Lofgren Auto Specialties
Our top honors in this year's engine challenge go to Chuck Lofgren and his team for their potent 485ci iron-headed Hemi. This engine made more than 725 hp during its judged dyno pulls and pulled strongly all the way past our 7,000-rpm limit for the competition. Due in part to an aggressive cam profile, this engine had 4.0 inches of manifold vacuum at 1,000 rpm, which probably limits the use of power brakes, but are you really concerned with power brakes when you have some 725 hp on tap? Chuck used a stout bottom end, consisting of an Eagle crank and rods, combined with Mopar Performance pistons, a Melling oil pump, and Milodon oil pan to keep everything lubricated. To keep costs down, Lofgren's utilized a used set of '68 casting, factory Hemi cylinder heads, which were massaged for optimum flow. One of the tricks utilized in this engine was the use of custom nail-head Ferrea intake valves that Chuck says were good for significantly more cylinder head flow on the intake side. Cam Motion provided the bumpstick for this engine that not only made good top-end power, but had very broad torque and power curves. Topping off the combination was an Indy single plane intake with a Barry Grant 1090 King Demon carburetor. Lofgren Auto Specialties did a great job of nursing very respectable power from this economical combination of parts to lead the competition in this year's challenge. Chuck says this combination will retail for $22,900 carb to pan.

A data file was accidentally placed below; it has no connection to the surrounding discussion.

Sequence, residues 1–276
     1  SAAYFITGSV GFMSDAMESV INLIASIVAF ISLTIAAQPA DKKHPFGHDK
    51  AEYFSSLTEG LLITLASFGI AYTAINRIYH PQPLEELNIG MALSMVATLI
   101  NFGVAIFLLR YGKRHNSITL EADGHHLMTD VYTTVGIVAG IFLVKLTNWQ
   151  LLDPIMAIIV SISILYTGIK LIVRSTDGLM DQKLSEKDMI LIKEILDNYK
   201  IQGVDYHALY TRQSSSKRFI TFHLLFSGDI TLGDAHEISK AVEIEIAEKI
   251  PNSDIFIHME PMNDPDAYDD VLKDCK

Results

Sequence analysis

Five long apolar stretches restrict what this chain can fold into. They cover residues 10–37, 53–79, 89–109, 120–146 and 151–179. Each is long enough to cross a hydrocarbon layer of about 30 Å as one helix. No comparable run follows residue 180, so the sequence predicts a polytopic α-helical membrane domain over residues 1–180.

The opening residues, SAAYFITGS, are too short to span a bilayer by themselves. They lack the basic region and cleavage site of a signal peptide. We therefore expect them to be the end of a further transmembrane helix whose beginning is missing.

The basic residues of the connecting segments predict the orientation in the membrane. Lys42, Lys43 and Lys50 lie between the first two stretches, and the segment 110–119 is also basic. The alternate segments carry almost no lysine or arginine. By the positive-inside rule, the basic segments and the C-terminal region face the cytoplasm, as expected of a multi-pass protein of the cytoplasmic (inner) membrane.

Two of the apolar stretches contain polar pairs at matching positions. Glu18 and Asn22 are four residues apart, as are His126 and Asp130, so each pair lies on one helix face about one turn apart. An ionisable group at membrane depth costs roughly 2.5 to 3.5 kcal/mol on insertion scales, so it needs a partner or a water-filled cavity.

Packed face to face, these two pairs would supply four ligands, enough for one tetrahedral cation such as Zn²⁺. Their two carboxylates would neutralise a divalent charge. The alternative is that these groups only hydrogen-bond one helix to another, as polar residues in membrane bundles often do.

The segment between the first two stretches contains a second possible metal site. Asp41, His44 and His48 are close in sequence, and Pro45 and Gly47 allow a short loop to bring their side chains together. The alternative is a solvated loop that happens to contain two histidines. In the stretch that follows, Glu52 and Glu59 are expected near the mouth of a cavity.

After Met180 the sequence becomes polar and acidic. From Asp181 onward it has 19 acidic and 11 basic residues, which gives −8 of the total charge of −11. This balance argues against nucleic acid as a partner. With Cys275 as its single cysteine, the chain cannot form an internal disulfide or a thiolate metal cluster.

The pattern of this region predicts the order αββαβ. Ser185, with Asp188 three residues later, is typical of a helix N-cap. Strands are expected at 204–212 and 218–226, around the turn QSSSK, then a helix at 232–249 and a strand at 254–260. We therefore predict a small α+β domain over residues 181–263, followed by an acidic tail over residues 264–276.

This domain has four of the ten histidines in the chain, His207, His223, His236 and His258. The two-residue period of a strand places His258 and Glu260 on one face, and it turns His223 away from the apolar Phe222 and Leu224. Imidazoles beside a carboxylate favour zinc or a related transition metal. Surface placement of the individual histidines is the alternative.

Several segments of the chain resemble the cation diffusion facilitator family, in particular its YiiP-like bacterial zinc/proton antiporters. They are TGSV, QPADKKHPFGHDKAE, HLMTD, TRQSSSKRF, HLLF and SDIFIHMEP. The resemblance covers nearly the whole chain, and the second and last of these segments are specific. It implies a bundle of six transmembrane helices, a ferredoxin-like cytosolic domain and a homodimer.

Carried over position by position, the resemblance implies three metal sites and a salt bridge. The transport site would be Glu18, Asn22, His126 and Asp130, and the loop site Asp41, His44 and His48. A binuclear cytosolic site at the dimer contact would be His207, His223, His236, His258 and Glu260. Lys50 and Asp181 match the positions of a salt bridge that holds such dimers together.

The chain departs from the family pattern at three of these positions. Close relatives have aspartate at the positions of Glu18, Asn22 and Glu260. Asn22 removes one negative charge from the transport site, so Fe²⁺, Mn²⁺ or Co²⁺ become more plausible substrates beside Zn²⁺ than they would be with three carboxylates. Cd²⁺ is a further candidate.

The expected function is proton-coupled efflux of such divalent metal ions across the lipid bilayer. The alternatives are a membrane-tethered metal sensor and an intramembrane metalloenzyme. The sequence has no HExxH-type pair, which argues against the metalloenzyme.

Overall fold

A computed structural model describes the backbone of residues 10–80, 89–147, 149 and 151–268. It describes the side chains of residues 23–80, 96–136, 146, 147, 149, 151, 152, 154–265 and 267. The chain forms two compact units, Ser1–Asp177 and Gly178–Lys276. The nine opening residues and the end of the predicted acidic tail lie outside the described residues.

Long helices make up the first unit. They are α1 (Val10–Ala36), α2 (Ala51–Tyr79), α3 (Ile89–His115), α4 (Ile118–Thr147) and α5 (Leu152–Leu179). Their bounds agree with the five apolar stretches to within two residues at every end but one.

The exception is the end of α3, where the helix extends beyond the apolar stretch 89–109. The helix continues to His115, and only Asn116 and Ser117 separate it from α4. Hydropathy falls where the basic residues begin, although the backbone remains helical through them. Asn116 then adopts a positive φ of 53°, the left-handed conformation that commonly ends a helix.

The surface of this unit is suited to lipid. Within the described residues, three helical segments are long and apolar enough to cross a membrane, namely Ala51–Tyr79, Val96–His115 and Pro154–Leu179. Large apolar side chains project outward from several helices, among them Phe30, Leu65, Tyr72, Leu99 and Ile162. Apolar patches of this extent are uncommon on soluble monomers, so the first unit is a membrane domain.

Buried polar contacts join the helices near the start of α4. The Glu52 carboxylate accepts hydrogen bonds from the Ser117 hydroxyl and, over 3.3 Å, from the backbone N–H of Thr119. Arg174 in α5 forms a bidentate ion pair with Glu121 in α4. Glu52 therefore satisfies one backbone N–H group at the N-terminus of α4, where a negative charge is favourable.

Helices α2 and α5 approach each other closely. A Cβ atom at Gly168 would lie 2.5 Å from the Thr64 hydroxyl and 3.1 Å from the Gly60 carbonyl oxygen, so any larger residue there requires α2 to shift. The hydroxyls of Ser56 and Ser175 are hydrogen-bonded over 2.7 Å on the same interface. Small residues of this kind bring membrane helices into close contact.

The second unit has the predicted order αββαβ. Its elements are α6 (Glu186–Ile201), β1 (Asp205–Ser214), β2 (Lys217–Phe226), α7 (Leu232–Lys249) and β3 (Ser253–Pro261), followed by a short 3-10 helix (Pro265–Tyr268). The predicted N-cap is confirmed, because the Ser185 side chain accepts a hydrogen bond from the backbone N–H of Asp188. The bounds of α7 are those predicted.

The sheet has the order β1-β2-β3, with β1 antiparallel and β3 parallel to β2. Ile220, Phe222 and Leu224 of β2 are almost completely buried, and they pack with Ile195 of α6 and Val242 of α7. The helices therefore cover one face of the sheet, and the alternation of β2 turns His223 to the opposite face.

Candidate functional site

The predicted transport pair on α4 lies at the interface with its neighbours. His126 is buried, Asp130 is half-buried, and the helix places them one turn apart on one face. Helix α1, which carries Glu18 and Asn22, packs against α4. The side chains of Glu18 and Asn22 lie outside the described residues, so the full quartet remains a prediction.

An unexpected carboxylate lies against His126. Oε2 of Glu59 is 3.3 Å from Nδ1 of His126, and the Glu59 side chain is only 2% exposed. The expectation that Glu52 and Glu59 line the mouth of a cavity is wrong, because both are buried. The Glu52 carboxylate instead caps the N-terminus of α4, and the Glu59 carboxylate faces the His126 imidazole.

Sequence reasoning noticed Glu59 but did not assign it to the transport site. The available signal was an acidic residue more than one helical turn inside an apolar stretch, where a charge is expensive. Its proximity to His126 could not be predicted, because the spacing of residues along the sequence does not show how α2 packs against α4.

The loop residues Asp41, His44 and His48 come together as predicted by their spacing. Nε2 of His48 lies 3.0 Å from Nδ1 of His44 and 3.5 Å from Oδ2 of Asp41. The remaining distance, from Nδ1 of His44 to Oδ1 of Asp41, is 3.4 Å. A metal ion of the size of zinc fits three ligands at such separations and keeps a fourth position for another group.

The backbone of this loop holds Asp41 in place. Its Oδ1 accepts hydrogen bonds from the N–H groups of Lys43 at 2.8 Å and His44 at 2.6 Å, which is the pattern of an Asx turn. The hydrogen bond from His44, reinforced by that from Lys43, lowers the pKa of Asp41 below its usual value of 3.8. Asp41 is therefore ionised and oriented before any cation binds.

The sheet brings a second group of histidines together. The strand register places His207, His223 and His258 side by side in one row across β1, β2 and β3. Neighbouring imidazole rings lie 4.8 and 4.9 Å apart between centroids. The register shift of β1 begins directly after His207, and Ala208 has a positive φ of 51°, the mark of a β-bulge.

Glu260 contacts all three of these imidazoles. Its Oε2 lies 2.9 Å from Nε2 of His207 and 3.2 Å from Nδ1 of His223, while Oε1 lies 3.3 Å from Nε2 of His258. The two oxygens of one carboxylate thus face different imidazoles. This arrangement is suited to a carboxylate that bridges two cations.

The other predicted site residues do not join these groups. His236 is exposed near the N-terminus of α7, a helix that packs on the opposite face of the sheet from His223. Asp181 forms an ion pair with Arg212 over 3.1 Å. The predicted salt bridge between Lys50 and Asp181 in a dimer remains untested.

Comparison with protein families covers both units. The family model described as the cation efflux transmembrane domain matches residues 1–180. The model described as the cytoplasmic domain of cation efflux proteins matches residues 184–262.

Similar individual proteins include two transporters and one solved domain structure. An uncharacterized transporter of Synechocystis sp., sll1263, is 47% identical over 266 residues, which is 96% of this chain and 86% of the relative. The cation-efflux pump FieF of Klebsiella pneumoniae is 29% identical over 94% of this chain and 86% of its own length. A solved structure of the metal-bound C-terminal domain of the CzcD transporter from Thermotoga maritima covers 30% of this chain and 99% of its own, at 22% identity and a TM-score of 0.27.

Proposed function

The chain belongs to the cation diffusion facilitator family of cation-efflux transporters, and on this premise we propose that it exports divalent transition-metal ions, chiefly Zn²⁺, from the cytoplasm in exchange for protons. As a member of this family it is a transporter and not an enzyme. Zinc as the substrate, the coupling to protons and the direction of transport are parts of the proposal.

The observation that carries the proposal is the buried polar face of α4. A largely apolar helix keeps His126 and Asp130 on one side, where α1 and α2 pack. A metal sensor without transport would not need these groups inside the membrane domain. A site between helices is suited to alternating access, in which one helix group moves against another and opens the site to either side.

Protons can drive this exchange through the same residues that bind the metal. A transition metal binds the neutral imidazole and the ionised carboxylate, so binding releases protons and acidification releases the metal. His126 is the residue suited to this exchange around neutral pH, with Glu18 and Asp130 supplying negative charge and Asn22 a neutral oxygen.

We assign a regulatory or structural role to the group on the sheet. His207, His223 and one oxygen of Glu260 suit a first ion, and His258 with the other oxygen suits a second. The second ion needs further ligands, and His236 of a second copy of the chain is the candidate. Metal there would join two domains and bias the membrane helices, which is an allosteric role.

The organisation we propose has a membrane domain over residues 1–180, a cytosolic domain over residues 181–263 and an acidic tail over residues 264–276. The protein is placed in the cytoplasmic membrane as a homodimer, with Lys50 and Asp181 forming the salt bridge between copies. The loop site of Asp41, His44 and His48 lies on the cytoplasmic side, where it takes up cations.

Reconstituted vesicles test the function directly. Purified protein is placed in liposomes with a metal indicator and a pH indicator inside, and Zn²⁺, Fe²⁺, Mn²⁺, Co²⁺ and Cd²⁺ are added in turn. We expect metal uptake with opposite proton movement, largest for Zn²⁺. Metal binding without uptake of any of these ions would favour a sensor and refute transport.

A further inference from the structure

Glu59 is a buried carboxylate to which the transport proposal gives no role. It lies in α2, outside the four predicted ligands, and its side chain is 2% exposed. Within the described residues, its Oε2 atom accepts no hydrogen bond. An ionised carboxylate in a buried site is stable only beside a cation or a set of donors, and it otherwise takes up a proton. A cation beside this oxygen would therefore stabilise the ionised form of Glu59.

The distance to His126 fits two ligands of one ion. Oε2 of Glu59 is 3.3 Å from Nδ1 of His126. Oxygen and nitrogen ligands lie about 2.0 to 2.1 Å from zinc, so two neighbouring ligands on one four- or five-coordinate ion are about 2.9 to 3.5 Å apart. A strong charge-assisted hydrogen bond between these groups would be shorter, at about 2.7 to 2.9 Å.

Mike Ware of Muscle Motors had some tricks up his sleeve for the engine challenge. After overcoming several difficulties during the dyno pulls, Mike attained a respectable 666.5 hp from his entry in the challenge and a very streetable 5.9 inches of manifold vacuum, but we have a feeling he wasn't going for the peak horsepower lead. Mike's combination of economical parts, combined with respectable horsepower and torque numbers had what it took to earn a very close second place in the contest. Muscle Motors utilized a great combination of off-the-shelf parts, combined with their own Private Label crankshaft and connecting rods, to build the most economically priced engine in the competition. Trading power for cost, Mike utilized Mopar Performance aluminum cylinder heads on his engine. Steel heads would make more power because of their thermal efficiency, but the aluminum units actually retail for less money. Diamond pistons and a Competition Cams solid flat tappet camshaft and matching springs were installed in this engine and topped off with a King Demon 1190 carburetor mounted on an Indy single plane intake. Muscle Motors retail price for this engine is $17,150 complete.